FAA Approves Production Of The 787, EASA Simultaneously Grants
The folks at Boeing are beaming, and perhaps heaving a huge sigh
of relief. FAA Administrator Randy Babbitt announced Friday that
the agency has approved production of the Boeing 787
At an event at Boeing’s facility in Everett, Washington,
Administrator Babbitt presented Boeing executives with two
certificates for the design and production of the Boeing 787
Dreamliner with Rolls-Royce engines. The first, a Type Certificate,
is for the FAA’s approval of the airplane’s design. The
second, a Production Certificate, allows Boeing to manufacture the
787 following a rigorous review by FAA inspectors of Boeing’s
quality system, production tooling, manufacturing processes and
controls, inspection methods, and supplier control procedures.
“The Boeing 787 Dreamliner is an incredible technological
achievement – one that sets a new standard for
innovation,” said U.S. Transportation Secretary Ray LaHood.
“The new engine technology is fuel-efficient and reduces
noise, minimizing the impact on the environment. Those are key to
meeting our NextGen goals.”
“Today’s achievement could not have been possible
without the professionalism and dedication of the FAA team involved
in the certification,” said Administrator Babbitt. “The
engineers, inspectors and flight test pilots all worked diligently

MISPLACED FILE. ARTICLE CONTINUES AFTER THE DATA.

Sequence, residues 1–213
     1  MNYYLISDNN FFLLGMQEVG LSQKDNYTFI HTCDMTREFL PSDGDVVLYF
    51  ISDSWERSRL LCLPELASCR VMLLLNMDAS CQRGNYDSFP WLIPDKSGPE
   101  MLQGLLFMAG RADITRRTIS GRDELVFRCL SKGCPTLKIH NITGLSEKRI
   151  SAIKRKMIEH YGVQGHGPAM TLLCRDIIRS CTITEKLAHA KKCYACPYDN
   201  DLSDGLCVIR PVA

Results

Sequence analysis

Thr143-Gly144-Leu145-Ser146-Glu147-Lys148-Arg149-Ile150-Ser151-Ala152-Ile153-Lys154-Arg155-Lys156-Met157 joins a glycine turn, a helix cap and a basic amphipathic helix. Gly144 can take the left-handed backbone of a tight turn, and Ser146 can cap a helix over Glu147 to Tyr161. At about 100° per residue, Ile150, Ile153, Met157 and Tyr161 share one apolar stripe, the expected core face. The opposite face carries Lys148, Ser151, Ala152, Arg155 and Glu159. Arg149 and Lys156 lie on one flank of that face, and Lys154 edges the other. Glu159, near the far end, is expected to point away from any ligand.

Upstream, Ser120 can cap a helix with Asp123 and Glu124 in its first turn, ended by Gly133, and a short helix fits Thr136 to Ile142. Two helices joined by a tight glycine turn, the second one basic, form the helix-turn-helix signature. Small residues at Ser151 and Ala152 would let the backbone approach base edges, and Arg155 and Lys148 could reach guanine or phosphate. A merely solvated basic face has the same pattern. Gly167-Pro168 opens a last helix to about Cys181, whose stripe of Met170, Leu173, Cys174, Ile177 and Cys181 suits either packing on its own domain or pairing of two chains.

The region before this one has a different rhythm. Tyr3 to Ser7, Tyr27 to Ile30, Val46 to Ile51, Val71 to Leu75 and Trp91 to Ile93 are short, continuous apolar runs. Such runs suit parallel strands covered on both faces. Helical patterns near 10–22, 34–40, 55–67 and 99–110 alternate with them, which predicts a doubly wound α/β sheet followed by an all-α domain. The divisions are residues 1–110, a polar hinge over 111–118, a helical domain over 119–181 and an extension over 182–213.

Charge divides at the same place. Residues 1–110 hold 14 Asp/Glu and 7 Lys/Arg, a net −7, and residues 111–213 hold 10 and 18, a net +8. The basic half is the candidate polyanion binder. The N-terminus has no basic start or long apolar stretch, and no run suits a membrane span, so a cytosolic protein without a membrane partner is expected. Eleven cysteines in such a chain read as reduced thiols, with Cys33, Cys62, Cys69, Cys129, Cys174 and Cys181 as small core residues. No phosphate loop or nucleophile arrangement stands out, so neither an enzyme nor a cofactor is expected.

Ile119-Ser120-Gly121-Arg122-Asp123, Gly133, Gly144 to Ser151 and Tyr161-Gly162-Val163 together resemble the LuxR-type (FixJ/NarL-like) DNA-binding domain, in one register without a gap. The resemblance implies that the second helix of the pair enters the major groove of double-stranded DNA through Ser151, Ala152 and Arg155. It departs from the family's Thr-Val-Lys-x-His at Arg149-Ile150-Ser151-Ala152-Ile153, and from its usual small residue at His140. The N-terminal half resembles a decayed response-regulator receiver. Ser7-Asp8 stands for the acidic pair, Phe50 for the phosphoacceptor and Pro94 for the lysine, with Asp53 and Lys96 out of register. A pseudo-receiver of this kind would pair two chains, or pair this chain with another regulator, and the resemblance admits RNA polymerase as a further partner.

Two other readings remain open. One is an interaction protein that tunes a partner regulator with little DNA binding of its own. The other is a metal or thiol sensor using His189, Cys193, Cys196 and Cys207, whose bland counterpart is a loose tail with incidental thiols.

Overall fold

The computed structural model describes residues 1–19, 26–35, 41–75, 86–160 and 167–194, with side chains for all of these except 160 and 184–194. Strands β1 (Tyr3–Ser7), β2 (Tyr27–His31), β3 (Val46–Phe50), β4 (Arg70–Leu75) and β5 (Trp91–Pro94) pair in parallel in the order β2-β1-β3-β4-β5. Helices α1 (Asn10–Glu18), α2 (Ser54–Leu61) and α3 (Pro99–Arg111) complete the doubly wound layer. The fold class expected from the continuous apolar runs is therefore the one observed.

to ensure our high safety standards were met.”
Boeing Commercial Airplanes President and CEO Jim Albaugh said,
"Certification is a milestone that validates what we have promised
the world since we started talking about this airplane. This
airplane embodies the hopes and dreams of everyone fortunate enough
to work on it. Their dreams are now coming true."
Boeing made its initial application to the FAA on March 28, 2003
and the program was launched in April 2004. The first 787 rollout
ceremony was on July 8, 2007 at Boeing’s Everett assembly
factory. The airplane first flew on Dec. 15, 2009, and the six
flight test airplanes have since accumulated more than 4,645 flight
hours, with approximately 25 percent of those hours flown by FAA
flight test crews. More than 200,000 hours were logged by FAA
technical experts who were involved in the type certification of
The Boeing 787 is a medium-size commercial transport airplane.
It’s the world's first major airliner to use composite
materials for most of its construction, more than 50 percent by
weight. Boeing says the airplane will use 20 percent less fuel and
produce less noise compared to similarly sized airplanes. It was
designed and manufactured by suppliers and partners around the
world and integrated at final assembly. The 787 incorporates many
capabilities of the nation’s Next Generation Air
Transportation System, or NextGen.
The European Safety Agency (EASA) also issued a same day
validation of the FAA Type Certificate of the 787.
Boeing has over 800 Dreamliners on its order books, with
contractual delivery of the first 787 now scheduled for September
25th to launch customer ANA. But there is a long row to hoe.
Analysts said recently the company will have to sell 1,000 of the
airliners before it sees a profit.